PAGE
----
Granville Tailer Woods (April 23, 1856 – January 30, 1910) was an American inventor who held more than 50 patents. He is also the first American of African ancestry to be a mechanical and electrical engineer after the Civil War. Self-taught, he concentrated most of his work on trains and streetcars. One of his notable inventions was the Multiplex Telegraph, a device that sent messages between train stations and moving trains. His work assured a safer and better public transportation system for the cities of the United States.
Granville T. Woods was born to Martha J. Brown and Cyrus Woods. He also had a brother named Lyates. His mother was part Native American, and his father was black. Granville attended school in Columbus until age 10, but had to leave due to his family's poverty, which necessitated in his need to work; he served an apprenticeship in a machine shop and learned the trades of machinist and blacksmith. Some sources of his day asserted that he also received two years of college-level training in "electrical and mechanical engineering," but little is known about where he might have studied.
In 1872, Woods obtained a job as a fireman on the Danville and Southern Railroad in Missouri, eventually becoming an engineer. In December 1874, he moved to Springfield, Illinois, and worked at a rolling mill, the Springfield Iron Works. He studied mechanical and electrical engineering in college from 1876-1878. In 1878, he took a job aboard the "Ironsides", and, within two years, became Chief Engineer of the steamer. When he returned to America, he became an engineer with the Dayton and Southwestern Railroad in southwestern Ohio. In 1880, he moved to Cincinnati, Ohio and established his business as an electrical engineer and an inventor. After receiving the patent for the multiplex telegraph, he reorganized his Cincinnati company as the Woods Electric Co, but in 1892 he moved his own research operations to New York City, where he was joined by a brother, Lyates Woods, who also had several inventions of his own.
Some internet sources claim he was married. However, the newspapers of his day generally referred to him as a "bachelor." The one indication that he had been married at some point was a brief mention in 1891 that said he was being sued for divorce by a woman identified as Ada Woods.  But while little more was said of his personal life, Granville T. Woods was often described as an articulate and well-spoken man, as well as meticulous and stylish in his choice of clothing, and a man who preferred to dress in black. At times, he would refer to himself as an immigrant from Australia, in the belief that he would be given more respect if people thought he was from a foreign country, as opposed to being an American Negro. In his day, the black newspapers frequently expressed their pride in his achievements, saying he was "the greatest of Negro inventors", and sometimes even calling him "professor," although there is no evidence he ever received a college degree. white confirmation dresses
Woods invented and patented Tunnel Construction for the electric railroad system, and was referred to by some as the "Black Edison."
In 1885, Woods patented an apparatus which was a combination of a telephone and a telegraph. The device, which he called "telegraphony", would allow a telegraph station to send voice and telegraph messages over a single wire. He sold the rights to this device to the American Bell Telephone Company. In 1887, he patented the Synchronous Multiplex Railway Telegraph which allowed communications between train stations from moving trains, a technology pioneered by Lucius Phelps in 1884.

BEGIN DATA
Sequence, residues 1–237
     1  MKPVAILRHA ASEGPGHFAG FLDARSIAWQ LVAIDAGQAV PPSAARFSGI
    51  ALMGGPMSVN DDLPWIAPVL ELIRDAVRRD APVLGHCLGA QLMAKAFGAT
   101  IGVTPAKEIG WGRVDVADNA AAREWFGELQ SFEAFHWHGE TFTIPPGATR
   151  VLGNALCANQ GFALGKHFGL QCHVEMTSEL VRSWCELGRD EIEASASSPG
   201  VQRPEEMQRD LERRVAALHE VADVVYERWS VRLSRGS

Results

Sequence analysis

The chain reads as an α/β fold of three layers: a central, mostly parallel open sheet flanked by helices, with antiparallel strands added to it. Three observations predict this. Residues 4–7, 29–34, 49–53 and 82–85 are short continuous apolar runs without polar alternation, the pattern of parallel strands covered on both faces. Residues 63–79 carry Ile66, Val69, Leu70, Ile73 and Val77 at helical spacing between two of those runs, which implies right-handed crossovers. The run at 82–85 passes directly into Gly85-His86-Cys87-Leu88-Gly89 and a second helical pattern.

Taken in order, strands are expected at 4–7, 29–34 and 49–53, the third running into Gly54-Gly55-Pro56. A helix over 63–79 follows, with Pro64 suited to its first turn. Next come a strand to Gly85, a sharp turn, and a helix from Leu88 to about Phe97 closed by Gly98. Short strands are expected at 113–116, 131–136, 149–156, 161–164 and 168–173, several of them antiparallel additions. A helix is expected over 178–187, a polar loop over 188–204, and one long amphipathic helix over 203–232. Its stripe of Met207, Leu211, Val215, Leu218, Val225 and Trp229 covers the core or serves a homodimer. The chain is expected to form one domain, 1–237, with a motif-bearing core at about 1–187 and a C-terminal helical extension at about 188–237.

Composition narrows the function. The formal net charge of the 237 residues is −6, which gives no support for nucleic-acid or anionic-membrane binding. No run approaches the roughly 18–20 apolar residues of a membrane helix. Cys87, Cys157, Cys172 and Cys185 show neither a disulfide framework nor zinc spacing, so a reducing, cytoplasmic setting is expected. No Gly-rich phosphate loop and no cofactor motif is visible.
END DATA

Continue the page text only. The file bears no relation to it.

Thomas Edison later filed a claim to the ownership of this patent. In 1888, Woods manufactured a system of overhead electric conducting lines for railroads modeled after the system pioneered by Charles van Depoele, a famed inventor who had by then installed his electric railway system in thirteen U.S. cities. In 1889, he filed a patent for an improvement to the steam-boiler furnace.
Granville Woods often had difficulties in enjoying his success as other inventors made claims to his devices. Thomas Edison made one of these claims, stating that he had first created a similar telegraph and that he was entitled to the patent for the device. Woods was twice successful in defending himself, proving that there were no other devices upon which he could have depended or relied upon to make his device. After Thomas Edison's second defeat, he decided to offer Granville Woods a position with the Edison Company, but Granville declined.
Woods is sometimes credited with the invention of the electric third rail, however, many third rail systems were in place in both Europe and North America at the time Woods filed for his patent in 1901. Thomas Edison had been awarded a patent for the third rail almost two decades earlier, in 1882.
Woods is also sometimes credited with the invention of the air brake in 1904 for trains, however, George Westinghouse patented the air brake almost 40 years prior.
Over the course of his lifetime Granville Woods would obtain more than 50 patents for inventions including an automatic brake and an egg incubator and for improvements to other inventions such as safety circuits, telegraph, telephone, and phonograph. He died on January 30, 1910 in New York City, having sold a number of his devices to such companies as Westinghouse, General Electric and American Engineering. Until 1975, his resting place was an unmarked grave, but historian M.A. Harris helped to raise funds, and persuaded several of the corporations that used Woods's inventions to donate towards a headstone. It was erected at St. Michael's Cemetery in Elmhurst, Queens NY.